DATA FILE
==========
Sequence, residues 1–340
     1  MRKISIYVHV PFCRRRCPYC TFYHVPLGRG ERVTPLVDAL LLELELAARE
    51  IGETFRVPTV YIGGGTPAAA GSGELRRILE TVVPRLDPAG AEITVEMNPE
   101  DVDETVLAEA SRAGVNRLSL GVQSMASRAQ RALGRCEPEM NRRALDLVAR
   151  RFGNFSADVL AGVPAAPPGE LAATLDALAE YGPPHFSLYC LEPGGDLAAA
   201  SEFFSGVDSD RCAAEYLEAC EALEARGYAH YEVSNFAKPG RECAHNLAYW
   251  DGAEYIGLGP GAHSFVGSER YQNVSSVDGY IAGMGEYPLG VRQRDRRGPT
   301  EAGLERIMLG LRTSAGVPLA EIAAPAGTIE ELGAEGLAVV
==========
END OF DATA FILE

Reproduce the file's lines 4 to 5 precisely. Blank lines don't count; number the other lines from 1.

   101  DVDETVLAEA SRAGVNRLSL GVQSMASRAQ RALGRCEPEM NRRALDLVAR
   151  RFGNFSADVL AGVPAAPPGE LAATLDALAE YGPPHFSLYC LEPGGDLAAA